When a giant cake (actually a cake shell) has a person (usually a bachelor party stripper) hidden inside, so he or she can jump out of it for dramatic effect.
Girls have been jumping out of cakes since Evelyn Nesbit did it for millionaire playboy Stanford White in The Gay '90s, but the practice of enclosing a living creature inside a cake or pie shell goes back to medieval days. It's the origin of the nursery rhyme "Sing a song of sixpence", where live blackbirds are put in a pie shell for a king's feast.
Mostly Played for Laughs, especially if the cake is at an unexpected (and inappropriate) place (like a child's birthday party) or the stripper inside is replaced with someone else (a cop, an Abhorrent Admirer who crashed the party to get her object of desire, an angry fiancee or wife who suspects that her husband will have too good of a time at his buddy's bachelor party, a Dirty Old Woman who used to be an adult entertainer when she was young and is still entertaining in her autumn years, a cross-dressing Camp Gay man who decided to come out of the cake — and the closet — all in one night, or a heterosexual man who was dressed in drag and put in the cake as a cruel joke). In more cartoonish works, the cake might be an actual one, causing the party-goers to be splattered with frosting and cake bits when the person inside jumps out.
Sometimes played for drama (or really dark comedy) if the man of the hour is Too Dumb to Live and thinks the novelty cake is a real one (and cuts it, either injuring or killing the girl inside), if a Mafia hitman is inside the cake and shoots everyone at the party (though it can be softened up to being funny if the hitman is dressed in outrageous and obvious drag), or if the stripper dies of suffocation inside the cake and no one realizes this until it's too late.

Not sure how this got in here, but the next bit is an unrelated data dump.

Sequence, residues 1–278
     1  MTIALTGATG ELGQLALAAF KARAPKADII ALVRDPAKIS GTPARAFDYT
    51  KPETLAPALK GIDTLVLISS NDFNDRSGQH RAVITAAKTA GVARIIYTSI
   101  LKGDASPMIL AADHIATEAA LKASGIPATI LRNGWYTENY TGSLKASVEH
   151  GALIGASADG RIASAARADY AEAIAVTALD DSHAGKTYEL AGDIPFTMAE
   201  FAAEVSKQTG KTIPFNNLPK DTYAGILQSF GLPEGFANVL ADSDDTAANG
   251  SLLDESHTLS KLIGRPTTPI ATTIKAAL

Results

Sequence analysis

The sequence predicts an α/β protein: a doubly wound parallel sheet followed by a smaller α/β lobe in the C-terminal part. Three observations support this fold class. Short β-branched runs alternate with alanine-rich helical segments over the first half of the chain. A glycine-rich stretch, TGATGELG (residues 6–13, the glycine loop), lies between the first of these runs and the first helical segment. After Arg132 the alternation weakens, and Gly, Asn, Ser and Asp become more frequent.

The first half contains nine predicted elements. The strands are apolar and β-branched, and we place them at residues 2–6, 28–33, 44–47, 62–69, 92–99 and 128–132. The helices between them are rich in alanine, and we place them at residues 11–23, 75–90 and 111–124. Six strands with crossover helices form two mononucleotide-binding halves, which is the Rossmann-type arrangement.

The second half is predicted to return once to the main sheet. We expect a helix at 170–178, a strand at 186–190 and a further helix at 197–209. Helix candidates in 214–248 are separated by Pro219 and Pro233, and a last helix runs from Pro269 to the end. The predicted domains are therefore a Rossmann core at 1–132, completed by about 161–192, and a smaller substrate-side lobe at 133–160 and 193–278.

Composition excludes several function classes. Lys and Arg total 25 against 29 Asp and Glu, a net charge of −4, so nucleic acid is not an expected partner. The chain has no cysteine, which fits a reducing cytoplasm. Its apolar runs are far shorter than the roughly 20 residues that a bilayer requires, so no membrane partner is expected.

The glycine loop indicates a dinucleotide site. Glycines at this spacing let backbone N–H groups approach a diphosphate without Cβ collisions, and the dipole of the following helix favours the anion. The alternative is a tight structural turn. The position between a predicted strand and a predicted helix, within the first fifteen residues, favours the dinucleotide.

- There was a phone commercial on how an old guy ended up delivering a girl-in-cake to a kid's birthday party. The point of the commercial was that it could have been prevented if his bosses could reach him, but he has no phone.
- At the end of Dragon Half (the manga), Rufa bursts out of Mink and Dick's wedding cake to announce the appearance of another Demon Lord.
- In ∀ Gundam, during a party held to try and make a move towards peace between the Earth Race and Moon Race, a large cake made to look like the earth and moon is rolled out. Several soldiers then jump out from under the cake and attempt to assassinate the queen of the moon, Dianna Soriel, though they fail and are forced to escape instead. At first the Earth Race is blamed, but the Moon Race discontinue accusations when it is discovered that the would be assassins were members of the Moon Race. This is the first hint in the series that the moon has internal conflict and that not everyone from the moon is happy about moving back to Earth.